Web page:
Imagine running three major university campuses on one network. At any given minute, hundreds to thousands of students, teachers, faculty and administrators need immediate access to the internet. For Northeastern State University’s (NSU) three campuses, reliable internet connectivity is vital to the success of its mission: Gather Here. Go Far.
To support students and faculty in going far, OneNet recently completed a network upgrade to NSU’s campus in Tahlequah. The Tahlequah campus now has a 10 gigabit-per-second connection, which is up from two single one gigabit connections. The campus now has connectivity that is five times faster than the previous connection.
“We were delighted to partner with OneNet on our upgrade project,” said Dr. Richard Reif, NSU chief information officer. “We have seen immense improvements in our current connectivity, and we have headroom to spare for future initiatives.”
Before the network upgrade, NSU was experiencing debilitating network congestion. Services like video conferencing and payment services were knocked offline. NSU has also been installing wireless in student housing for the first time. This put an additional strain on the network with hundreds of new access points coming online.
Mitigating network strains like these through an upgrade is just one way OneNet has improved services for NSU. Dr. Reif said the connection into the Tahlequah campus supports the other two campuses through multiple protocol label switching, or MPLS, services. MPLS allows for network virtualization so the three campuses can pass traffic and information back and forth like they’re right next to each other, not miles apart. MPLS services are available to all OneNet internet customers.
“Our entire network is fed through OneNet’s connectivity,” Dr. Reif said. “Without the MPLS capabilities, our students would suffer, which means our mission would come to a screeching halt.”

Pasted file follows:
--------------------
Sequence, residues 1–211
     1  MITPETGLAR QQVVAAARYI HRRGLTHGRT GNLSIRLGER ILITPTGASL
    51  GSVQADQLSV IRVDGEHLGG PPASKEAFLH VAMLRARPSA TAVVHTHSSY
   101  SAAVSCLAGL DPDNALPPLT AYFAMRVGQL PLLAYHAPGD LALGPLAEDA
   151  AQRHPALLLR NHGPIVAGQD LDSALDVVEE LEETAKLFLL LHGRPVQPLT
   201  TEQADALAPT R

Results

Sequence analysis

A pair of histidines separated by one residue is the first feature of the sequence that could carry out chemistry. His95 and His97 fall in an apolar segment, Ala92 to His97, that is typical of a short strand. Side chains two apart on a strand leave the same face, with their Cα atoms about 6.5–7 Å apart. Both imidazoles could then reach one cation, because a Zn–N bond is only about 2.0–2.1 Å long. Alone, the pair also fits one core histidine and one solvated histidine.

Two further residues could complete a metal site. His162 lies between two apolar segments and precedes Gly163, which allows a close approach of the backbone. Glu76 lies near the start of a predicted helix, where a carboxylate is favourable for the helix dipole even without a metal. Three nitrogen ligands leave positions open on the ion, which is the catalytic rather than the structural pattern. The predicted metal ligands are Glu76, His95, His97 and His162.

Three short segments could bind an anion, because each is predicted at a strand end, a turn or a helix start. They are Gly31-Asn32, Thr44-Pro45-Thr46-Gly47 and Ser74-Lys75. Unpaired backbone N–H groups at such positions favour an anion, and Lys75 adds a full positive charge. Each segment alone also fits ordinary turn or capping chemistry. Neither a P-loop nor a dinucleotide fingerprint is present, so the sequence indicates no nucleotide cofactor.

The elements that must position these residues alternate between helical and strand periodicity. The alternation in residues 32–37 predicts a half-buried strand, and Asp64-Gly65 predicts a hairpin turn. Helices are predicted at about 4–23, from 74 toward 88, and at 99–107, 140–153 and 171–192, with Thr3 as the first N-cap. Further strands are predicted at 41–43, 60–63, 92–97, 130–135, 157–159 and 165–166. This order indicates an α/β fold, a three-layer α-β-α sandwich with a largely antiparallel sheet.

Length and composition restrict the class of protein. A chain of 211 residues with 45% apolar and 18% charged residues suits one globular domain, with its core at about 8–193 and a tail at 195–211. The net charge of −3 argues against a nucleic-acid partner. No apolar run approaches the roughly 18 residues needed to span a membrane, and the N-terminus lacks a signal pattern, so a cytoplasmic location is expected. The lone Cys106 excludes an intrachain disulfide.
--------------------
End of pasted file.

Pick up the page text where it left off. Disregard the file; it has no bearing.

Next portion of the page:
One important service that has improved since the upgrade is videoconferencing. As a multi-site university, videoconferencing is a digital initiative that all three NSU campuses have been using more often. Reif said using video allows for the university to deliver coursework like never before. Students at each campus can dial into a video conference at any of the three campuses and interact with professors and other students. Content is shared through these platforms, and all video traffic is passed on the OneNet network.
Technology like videoconferencing enables NSU to expand its reach over multiple rural cities in Oklahoma. Students are no longer limited in their educational choices by where they live, because videoconferencing can facilitate classroom learning from any campus. Reliable connectivity ensures students receive the same quality of education as if they were physically in the same room.
The videoconferencing services are not limited to the NSU campuses. NSU also partners with other higher education organizations to meet the needs of Oklahoma’s rural students. Through internet-based conferencing software, students from Carl Albert State College are able to take classes at NSU without being physically present. This breaks down location barriers while providing education advancement opportunities.
“Supporting the collaborative environment of higher education is important to our mission of advancing technology across Oklahoma,” said Vonley Royal, OneNet executive director. “The recent upgrade at NSU further demonstrates our commitment to foster innovation while building strong relationships with higher education. We are grateful for our lasting partnership with NSU and for the opportunity to serve its three campuses.”
Reif said the partnership doesn’t end at connectivity. His team participates in ongoing cybersecurity talks with OneNet staff, works closely with OneNet engineers and even consulted with OneNet during a recent data center upgrade. Reliable connectivity is only the foundation to the partnership.
“For our university, reliable internet is everything,” Dr. Reif said. “In this day and age, it is just as critical for our students as food and water.”
Photos courtesy of Northeastern State University